Looking ahead to autumn term 2021-2022. The Delta variant: how to protect staff and students

As we look ahead to the 2021-2022 session, it is clear that the Covid-19 pandemic will still affect our daily lives. The success of the vaccination campaign in the UK notwithstanding, it would be premature to declare the pandemic over. At the moment, there is a lot of discussion about whether government guidelines for Higher Education institutions at the national level are sufficient and about whether the decisions made by Senior Management of The University of Nottingham do enough to keep students and staff safe. One of the key issues here is whether these guidelines and decisions incorporate the latest scientific advice on Covid-19 and, in particular, on the now dominant Delta variant.

The current teaching blueprint at the University of Nottingham seeks to maximise face to face teaching, whilst recommending vaccination, the wearing of face covering indoors and weekly testing. However, these are mere recommendations which means that they cannot be enforced. In addition, staff have been asked to return to campus for face to face teaching.

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UCU Committee message to management on 19 May 2021 re USS:

Dear Vice Chancellor, Chair of Council, Deputy Vice Chancellor and Registrar, 

I am writing on behalf of the local UCU committee to express our grave concern about UoN management’s shift away from questioning USS’s valuation method toward accepting the most recent UUK proposals. We note that, if implemented, the UUK proposals would imply significant cuts to our members’ pensions including the following:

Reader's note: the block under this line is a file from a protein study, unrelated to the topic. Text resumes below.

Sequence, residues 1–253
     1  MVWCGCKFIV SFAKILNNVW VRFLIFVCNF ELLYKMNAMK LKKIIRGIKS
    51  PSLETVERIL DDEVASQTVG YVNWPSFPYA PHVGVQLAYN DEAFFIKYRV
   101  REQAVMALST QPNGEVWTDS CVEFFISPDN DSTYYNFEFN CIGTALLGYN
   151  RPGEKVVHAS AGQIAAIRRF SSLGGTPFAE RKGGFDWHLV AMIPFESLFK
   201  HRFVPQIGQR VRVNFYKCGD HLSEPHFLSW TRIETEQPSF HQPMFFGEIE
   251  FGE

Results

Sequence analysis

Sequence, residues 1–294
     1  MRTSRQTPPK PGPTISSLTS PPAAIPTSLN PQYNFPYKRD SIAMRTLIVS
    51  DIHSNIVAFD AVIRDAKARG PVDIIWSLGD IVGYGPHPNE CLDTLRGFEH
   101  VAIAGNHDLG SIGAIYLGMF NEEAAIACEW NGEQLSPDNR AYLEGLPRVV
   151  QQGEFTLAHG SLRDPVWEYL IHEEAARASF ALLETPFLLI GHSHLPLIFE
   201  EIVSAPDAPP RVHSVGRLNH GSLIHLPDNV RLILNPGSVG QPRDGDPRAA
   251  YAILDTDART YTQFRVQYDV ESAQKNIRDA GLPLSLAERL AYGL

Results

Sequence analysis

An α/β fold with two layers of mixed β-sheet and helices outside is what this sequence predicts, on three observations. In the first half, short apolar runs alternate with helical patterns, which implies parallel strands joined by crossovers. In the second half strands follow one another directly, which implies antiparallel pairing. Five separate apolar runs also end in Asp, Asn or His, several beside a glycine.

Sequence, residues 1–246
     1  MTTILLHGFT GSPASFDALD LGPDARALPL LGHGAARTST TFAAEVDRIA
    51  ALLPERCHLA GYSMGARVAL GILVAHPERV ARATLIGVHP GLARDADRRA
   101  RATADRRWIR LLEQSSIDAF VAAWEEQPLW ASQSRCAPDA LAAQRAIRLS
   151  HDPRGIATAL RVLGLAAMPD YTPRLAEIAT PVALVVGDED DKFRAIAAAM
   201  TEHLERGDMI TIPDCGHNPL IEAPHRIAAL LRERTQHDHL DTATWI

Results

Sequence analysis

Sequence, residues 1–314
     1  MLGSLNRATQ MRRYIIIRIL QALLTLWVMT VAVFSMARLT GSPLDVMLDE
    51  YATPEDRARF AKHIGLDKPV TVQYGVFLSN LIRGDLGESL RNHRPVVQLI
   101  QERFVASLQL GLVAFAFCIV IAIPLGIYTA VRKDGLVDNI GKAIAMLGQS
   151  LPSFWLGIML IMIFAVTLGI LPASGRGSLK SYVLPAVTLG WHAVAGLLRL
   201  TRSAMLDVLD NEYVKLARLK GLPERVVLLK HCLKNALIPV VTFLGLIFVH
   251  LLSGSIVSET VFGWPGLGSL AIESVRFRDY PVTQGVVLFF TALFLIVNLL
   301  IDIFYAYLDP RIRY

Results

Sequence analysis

1. DB (defined benefits) salary threshold reduced to £40k. Currently we receive DB for income up to about ~£60k. This would bring all but the lowest paid members into the Defined Contribution (DC) scheme, significantly reducing benefits, and constitutes a step in bringing back the DC scheme that industrial action threw out in 2018.
      
  2. Accrual rate reduced to 1/85 (from the current 1/75) cutting the value of future pension by 12%.
      
  3. Reduction in inflation proofing to 2.5%. Currently it is up to 10%. Inflation has been high in the past and could increase again. If inflation does increase, our pensions could be very quickly reduced to only a fraction of their current value. 
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Victory for the Anti-Casualisation Campaign: the new GTA contracts

On March 1st 2021, the University of Nottingham’s People & HR Committee voted to approve a Graduate Teaching Assistant (GTA) model for hiring postgraduate researchers (PGRs) to teach, to begin in the 2021/22 academic year. These roles will be exclusively offered to PGRs, and are intended to replace the Teaching Affiliate roles that previously existed, involving the preparation and delivery of seminars; provision of student contact hours; and marking responsibilities. Teaching Affiliate roles were hourly-paid and subcontracted to UniTemps, the University’s outsourced temporary engagement agency, offering none of the employment rights that come with having employee status with the University. While still hourly-paid, the new GTA contracts will be fixed-hours, in-house contracts of employment with the University; will grant employee status to PGRs who teach; and will secure pay and employment rights accordingly. This should be seen as a massive win in the fight against casualisation in higher education.

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UoN Must Save Our PGR Teachers

At the end of April 2020, the Faculty of Arts announced that it was cutting all postgraduate teaching opportunities from its 2020/21 budget, and since then the Faculty of Social Sciences has followed suit. In some departments, it is standard for teaching posts to only be offered to final year PhDs; colleagues who have gone through a year-long unpaid training programme and interview process, only now to be facing no chance of getting this essential career experience.  We are clear that these cuts are a choice; the UCU has recently learned that the combined cost of cutting PGR teaching in both Faculties could be recovered with money to spare, if the University simply stopped running one of its managerial training programmes for a year. 

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